On Wednesday, French President Emmanuel Macron came under fire for endorsing the idea that France should pay tribute to Pétain during a ceremony commemorating the 100th anniversary of the 1918 Armistice that ended World War I. But by the end of the day, amid a torrent of criticism, the Élysée was forced on the defensive, backtracking from the president’s words and asserting that Pétain would not be honored.
Before he became head of the Vichy government, Pétain was a military hero from World War I, having made his name at Verdun, the longest battle of the war. More than 300,000 soldiers — French and German alike — died in that battle, one of the bloodiest in the war.
“It was never part of the plan to honor Pétain,” an Élysée source told The Washington Post, noting that Pétain will not be included in a Saturday morning ceremony that will honor other World War I heroes.
But Macron’s words had suggested otherwise, and set off a national firestorm.
“He was a great soldier,” Macron said. “It’s a reality.” Pétain, Macron had originally suggested, would be recognized along with seven other marshals who led successful military campaigns during the war. Army sources had also told French media that Pétain was on the list.
“It’s legitimate that we pay homage to the marshals who led the army to victory,” Macron had told reporters.
“Political life, like human nature, is sometimes more complex than we would like to believe,” Macron said. “I’ve always looked the history of our country in the face.”
Those remarks outraged Jewish groups and a number of historians, who saw the move in keeping with a recent wave of historical revisionism. It also drew coverage from nearly every major French newspaper and elicited widespread condemnation on social media.
Among the loudest critics was Macron’s predecessor, former president François Hollande, who issued a scathing statement on Wednesday night. “History does not isolate a single stage, even a glorious military career,” Hollande wrote, in remarks posted on Twitter. “It judges the immense and unworthy responsibility of a marshal who deliberately used his name and prestige as a cover for treason and the collaboration and deportation of thousands of Jews of France.”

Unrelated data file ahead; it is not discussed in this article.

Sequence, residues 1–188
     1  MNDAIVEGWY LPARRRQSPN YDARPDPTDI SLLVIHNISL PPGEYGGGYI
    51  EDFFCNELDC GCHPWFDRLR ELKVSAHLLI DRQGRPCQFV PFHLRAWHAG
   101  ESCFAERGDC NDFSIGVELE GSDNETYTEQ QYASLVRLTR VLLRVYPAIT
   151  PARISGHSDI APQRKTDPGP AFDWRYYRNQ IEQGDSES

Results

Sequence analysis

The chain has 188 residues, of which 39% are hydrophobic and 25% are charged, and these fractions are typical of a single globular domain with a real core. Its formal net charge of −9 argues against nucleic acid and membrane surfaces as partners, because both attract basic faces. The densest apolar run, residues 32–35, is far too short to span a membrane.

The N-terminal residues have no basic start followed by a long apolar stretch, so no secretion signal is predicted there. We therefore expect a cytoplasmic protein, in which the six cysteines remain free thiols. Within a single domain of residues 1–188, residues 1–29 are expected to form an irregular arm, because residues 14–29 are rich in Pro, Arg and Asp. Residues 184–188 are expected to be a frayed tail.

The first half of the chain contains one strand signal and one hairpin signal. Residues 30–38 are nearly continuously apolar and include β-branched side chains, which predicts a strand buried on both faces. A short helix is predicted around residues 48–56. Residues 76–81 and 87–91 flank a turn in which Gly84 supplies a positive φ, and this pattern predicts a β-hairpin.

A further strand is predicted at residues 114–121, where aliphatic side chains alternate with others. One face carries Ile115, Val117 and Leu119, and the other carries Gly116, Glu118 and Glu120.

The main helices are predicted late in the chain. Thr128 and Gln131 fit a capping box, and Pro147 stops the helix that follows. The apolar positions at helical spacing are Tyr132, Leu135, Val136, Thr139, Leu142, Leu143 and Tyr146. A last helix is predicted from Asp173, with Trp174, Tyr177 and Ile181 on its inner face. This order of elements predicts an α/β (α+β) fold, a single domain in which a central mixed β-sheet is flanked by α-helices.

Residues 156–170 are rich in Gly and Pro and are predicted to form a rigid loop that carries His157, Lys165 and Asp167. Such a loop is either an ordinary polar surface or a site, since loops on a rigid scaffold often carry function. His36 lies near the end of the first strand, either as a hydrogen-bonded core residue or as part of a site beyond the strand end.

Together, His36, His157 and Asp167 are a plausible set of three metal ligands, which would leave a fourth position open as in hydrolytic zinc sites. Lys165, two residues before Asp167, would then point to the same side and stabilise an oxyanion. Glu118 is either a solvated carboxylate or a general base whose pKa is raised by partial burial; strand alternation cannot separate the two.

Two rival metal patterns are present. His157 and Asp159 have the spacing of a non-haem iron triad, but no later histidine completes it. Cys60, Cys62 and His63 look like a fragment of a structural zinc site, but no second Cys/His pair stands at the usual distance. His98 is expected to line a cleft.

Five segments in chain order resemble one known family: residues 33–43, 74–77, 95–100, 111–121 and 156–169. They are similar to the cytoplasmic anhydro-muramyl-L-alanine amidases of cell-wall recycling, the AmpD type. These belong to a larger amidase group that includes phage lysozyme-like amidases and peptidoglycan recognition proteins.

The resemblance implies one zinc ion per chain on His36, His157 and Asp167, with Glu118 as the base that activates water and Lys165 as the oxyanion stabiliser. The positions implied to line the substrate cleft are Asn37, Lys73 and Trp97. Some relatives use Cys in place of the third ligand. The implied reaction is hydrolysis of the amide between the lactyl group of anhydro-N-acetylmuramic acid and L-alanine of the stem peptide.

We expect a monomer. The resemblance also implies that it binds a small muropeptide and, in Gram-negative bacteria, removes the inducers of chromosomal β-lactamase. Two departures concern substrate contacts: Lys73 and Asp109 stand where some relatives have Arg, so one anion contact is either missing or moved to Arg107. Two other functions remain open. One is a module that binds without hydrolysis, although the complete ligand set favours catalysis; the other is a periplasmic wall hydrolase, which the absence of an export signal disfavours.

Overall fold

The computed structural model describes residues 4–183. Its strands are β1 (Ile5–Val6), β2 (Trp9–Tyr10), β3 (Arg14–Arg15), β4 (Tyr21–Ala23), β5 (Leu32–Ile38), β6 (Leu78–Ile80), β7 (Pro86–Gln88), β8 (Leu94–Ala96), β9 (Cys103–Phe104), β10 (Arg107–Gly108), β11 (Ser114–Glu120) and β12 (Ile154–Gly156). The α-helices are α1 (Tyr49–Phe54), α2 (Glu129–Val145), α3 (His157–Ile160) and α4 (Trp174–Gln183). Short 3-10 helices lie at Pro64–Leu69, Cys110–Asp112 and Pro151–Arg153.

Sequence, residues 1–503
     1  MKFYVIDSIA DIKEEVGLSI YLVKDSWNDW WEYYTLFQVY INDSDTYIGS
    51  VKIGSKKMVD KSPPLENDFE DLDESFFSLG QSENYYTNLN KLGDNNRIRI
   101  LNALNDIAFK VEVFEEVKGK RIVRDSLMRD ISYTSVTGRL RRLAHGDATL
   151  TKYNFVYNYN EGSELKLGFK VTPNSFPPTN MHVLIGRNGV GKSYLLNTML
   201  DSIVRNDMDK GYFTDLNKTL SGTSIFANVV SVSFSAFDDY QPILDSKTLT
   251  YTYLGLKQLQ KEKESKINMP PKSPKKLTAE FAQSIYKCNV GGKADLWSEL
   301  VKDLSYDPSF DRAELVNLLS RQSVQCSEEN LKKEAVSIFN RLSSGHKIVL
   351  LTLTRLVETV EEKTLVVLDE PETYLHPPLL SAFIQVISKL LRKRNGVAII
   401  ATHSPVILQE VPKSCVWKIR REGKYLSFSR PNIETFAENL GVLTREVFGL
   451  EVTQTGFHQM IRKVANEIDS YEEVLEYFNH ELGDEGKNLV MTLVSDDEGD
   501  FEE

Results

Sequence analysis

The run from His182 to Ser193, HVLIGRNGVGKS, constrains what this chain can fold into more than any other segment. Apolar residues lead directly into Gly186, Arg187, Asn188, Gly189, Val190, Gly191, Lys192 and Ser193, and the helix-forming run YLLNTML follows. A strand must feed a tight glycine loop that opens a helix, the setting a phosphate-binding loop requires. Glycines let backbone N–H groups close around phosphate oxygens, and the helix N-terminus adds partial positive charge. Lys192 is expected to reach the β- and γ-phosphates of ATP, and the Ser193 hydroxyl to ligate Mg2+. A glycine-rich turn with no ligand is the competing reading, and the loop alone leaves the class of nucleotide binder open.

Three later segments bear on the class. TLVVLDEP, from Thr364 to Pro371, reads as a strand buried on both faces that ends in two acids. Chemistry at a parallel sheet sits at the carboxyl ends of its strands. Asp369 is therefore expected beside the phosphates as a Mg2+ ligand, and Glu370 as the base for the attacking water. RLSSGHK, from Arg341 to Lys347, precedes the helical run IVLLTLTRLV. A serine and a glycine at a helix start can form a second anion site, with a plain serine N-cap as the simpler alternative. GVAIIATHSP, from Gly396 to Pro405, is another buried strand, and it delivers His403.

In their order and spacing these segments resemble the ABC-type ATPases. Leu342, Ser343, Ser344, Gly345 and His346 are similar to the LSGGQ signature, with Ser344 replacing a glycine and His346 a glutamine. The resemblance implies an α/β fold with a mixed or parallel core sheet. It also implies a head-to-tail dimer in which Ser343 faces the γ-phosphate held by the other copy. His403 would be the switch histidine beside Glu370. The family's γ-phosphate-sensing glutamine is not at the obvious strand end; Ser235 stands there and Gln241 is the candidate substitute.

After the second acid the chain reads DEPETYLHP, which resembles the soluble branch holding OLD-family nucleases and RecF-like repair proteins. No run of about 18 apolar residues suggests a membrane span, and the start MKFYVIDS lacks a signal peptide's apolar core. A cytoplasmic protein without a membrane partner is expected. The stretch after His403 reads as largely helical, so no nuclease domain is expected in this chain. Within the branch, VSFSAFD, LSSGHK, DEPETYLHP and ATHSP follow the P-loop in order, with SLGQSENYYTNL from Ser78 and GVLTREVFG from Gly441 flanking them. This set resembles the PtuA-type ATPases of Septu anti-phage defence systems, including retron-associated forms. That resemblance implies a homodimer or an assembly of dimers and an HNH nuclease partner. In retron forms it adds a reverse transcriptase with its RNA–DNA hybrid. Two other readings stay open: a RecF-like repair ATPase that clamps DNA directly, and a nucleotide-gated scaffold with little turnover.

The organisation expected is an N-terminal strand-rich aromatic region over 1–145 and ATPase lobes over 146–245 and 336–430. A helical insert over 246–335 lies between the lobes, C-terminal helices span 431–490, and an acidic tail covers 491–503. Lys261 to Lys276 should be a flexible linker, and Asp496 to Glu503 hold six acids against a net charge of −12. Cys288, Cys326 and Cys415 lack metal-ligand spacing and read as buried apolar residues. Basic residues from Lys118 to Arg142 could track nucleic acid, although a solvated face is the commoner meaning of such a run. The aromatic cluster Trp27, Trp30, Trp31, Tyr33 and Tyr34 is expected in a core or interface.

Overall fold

“The only thing I want to remember about Pétain is that in 1945 he was an incarnation of national shame, which makes him ineligible for any tribute,” said Francis Kalifat, the president of the Representative Council of French Jewish Organizations (CRIF), France’s largest Jewish advocacy group, in a statement.
Late Wednesday, the Élysée backtracked from the president’s initial words in response to the criticism, emphasizing in a slew of social media posts that Pétain will not, in fact, be honored in a Saturday ceremony. But the affair, however small, reopened a long-standing debate about the wounds of the past.
The Vichy regime is notorious for having pursued, largely independent of German pressure, its own slew of anti-Semitic legislation in keeping with the “National Revolution” it sought to inspire.
The “Statut des Juifs,” passed in two separate junctures in October 1940 and June 1941, banned Jews from public life and the free professions. Vichy also pursued the agenda of “Aryanization,” under which French authorities liquidated Jewish property to enrich the coffers of the state.
In general, the memory of World War II ranked for decades among the most explosive topics in French public life. For years, admirers — including former French presidents — left flowers on Pétain’s grave every year, on the anniversary of the Armistice.
That practice came to an abrupt end in 1992, when François Mitterrand, a Socialist president who had served in the Vichy administration between 1941 and 1943, succumbed to public pressure. In 1995, President Jacques Chirac ended decades of ambiguity by declaring that Vichy was, in fact, the French state and that the deportation of Jews during the war was France’s fault.
In recent years, however, there has been an attempt to rehabilitate Pétain, mostly on the extreme right.
The convicted Holocaust denier and National Front co-founder Jean-Marie Le Pen, for instance, wrote fondly of the wartime leader in a memoir published earlier this year; the right-wing commentator Éric Zemmour did much the same in a book published in September.
Pétain, Zemmour wrote, was “double-dealing,” somehow attempting to rescue the country and French Jews, from behind the scenes. The vast majority of the Jews deported from France never returned.
These are no longer fringe opinions: Both Zemmour’s book and Le Pen’s memoirs were instant bestsellers.
For many, the question is whether Macron’s since retracted decision would somehow endorse a reconsideration of Pétain. When pressed by journalists, the 40-year-old president went on the defensive immediately. “I’m not hiding any page of history,” he said.
For some historians, however, the problem is the potential effect of Macron’s words.
“The problem is that the statement comes from the president of the Republic,” said Laurent Joly, an expert in the history of Vichy France and the author of a new book on Vichy anti-Semitism. “If the army had sought to commemorate Pétain, no one would have reproached them.
“But there has been a consensus since 1992. What this does is go back on that consensus. It creates ambiguities,” he said.
This story originally published on Nov. 7 and was updated on Nov. 8 to reflect the decision not to honor Pétain.